NASHVILLE - Adam "Pacman" Jones promised in a full-page ad that he had learned a lifetime of lessons in recent weeks. The Tennessee Titans' cornerback may have had a hard time convincing NFL commissioner Roger Goodell that really is true.
Jones met Friday in New York with the man who suspended him from the NFL for the 2007 season for conduct detrimental to the league. The cornerback appealed for leniency during his second meeting with Goodell since April 3.
But Goodell went into the hearing knowing Nashville police ticketed Jones for speeding just four days ago. League officials declined to comment, and a decision was not expected Friday.
Jones' lawyer, Manny Arora, accompanied the player, but declined to comment after the hearing.
Jones and his attorneys argued the suspension for 16 games was "unprecedented" in its harshness for someone who has not been convicted despite five arrests and 10 incidents in which he has talked with police since the Titans drafted him in 2005.
In a 24-page letter to the league last week, they detailed at least 283 arrests since January 2000 in which none of the players involved had been suspended for a full season. The letter also said Jones, whose own arrests weren't on the list, could take the league to court.
His latest incident only involved a traffic citation, which included not having his driver's license.
Jones was stopped at 12:45 a.m. Monday on Interstate 65 heading into downtown after an officer clocked him on radar at 79 mph in a 55 mph zone.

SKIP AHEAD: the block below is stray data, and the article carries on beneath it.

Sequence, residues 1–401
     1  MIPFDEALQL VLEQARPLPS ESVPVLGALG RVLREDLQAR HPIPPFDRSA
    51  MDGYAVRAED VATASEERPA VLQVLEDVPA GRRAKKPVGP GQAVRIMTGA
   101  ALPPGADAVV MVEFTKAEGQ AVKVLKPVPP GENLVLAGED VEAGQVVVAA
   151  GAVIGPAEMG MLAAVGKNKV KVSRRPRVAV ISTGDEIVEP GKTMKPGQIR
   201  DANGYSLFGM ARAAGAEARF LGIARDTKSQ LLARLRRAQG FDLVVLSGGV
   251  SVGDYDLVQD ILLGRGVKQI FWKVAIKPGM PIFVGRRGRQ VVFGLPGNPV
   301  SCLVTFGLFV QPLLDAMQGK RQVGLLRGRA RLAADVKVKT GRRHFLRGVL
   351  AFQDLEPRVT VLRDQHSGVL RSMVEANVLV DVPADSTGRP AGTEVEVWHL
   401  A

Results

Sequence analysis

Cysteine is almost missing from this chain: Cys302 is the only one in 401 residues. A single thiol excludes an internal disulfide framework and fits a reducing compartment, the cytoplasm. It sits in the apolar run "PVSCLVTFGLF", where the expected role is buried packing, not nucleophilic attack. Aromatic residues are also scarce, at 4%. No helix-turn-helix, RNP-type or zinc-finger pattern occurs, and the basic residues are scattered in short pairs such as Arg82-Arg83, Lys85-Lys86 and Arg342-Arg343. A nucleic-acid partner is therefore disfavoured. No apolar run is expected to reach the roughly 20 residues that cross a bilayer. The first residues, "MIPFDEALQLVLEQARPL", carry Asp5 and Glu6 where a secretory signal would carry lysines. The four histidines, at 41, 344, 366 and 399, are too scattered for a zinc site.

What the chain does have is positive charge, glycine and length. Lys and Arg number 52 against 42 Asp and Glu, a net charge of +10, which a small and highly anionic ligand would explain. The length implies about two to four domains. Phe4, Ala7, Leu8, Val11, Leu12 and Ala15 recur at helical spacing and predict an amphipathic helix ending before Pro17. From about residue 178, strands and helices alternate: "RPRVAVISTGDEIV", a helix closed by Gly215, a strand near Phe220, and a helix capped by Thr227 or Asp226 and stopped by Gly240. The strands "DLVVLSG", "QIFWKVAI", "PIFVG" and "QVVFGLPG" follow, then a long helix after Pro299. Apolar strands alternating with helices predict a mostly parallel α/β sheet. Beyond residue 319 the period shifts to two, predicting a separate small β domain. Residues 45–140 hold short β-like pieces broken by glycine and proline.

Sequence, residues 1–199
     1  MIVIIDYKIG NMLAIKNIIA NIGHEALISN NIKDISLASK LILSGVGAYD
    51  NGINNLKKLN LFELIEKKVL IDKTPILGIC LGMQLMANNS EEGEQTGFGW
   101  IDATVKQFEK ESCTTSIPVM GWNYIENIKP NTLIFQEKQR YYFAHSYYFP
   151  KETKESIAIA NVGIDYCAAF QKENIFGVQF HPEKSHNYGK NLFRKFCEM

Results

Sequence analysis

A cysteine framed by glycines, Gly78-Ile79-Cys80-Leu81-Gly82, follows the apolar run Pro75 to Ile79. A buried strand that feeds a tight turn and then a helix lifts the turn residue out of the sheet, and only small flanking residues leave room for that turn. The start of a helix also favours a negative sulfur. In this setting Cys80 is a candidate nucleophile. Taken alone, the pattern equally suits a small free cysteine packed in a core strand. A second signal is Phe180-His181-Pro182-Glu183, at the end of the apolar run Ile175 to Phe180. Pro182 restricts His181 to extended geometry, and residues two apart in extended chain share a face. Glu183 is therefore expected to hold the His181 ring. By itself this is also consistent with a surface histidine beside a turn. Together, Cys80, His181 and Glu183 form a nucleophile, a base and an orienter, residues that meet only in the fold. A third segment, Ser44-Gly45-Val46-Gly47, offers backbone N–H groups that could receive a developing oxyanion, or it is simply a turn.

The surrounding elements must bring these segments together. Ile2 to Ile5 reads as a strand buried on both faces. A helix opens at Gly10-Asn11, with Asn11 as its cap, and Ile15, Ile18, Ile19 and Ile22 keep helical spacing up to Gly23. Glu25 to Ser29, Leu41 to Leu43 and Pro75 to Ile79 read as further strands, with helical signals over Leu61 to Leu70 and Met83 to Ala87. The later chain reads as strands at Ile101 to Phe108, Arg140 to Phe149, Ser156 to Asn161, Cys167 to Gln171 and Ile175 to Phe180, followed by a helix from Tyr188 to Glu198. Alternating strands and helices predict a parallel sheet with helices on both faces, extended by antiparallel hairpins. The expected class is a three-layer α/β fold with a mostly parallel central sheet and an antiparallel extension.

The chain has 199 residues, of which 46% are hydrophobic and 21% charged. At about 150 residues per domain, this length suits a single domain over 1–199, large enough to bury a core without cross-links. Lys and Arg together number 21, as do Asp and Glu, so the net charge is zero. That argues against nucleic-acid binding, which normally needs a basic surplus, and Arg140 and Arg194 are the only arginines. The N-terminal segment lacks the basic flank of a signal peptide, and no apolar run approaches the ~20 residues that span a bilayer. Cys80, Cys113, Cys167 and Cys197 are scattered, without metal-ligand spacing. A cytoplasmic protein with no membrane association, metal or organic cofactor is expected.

He was driving his red 2004 Cadillac XLT he bought at police auction last fall. Police seized the Cadillac last spring in a drug bust. The car was not registered to Jones then, but he told a local TV reporter he had loaned the Cadillac to someone for a music video. Police called the man who had the car the main target of their investigation. That can't impress Goodell, who warned both Jones and Cincinnati receiver Chris Henry, suspended for eight games, when the suspensions were announced April 10. "I must emphasize to you that this is your last opportunity to salvage your NFL career," Goodell wrote in letters to the players. Jones' punishment stemmed from arrests in February for obstruction of police in Georgia and public intoxication and disorderly conduct in August 2006. Goodell also wasn't happy Jones failed to report the February arrest and a March arrest for marijuana possession, which was later dismissed. Henry, a teammate of Jones at West Virginia, has served two days in jail for his legal troubles. He did not appeal his suspension. The commissioner told Jones his case could be reviewed after 10 games, which would be Nov. 19 for the Titans. But Jones has to meet several conditions, including not having any "adverse" involvement with police - that has proven tough for Jones. Las Vegas police have recommended charges against Jones for inciting a strip club fight in February during NBA All-Star weekend that resulted in a triple shooting and one man paralyzed. A Tennessee prosecutor may pull a plea agreement for the August 2006 arrest, and the Georgia case has been postponed until fall. Jones' only public comments have been with the NFL Network, an ESPN reporter covering a boxing match at a Mississippi casino and that newspaper ad he bought. In that ad, Jones promised to stop making poor choices and that he would return to West Virginia to finish his degree. West Virginia coach Rich Rodriguez said he had not heard from Jones last month. A message left Friday for an associate athletic director was not immediately returned. The Titans aren't sure they want Jones back. They signed veteran cornerback Nick Harper and used their top draft pick on safety Michael Griffin last month and are trying to switch him to cornerback. Owner Bud Adams wants Jones to prove he has cleaned up his off-field behavior before they take him back.comments powered by Disqus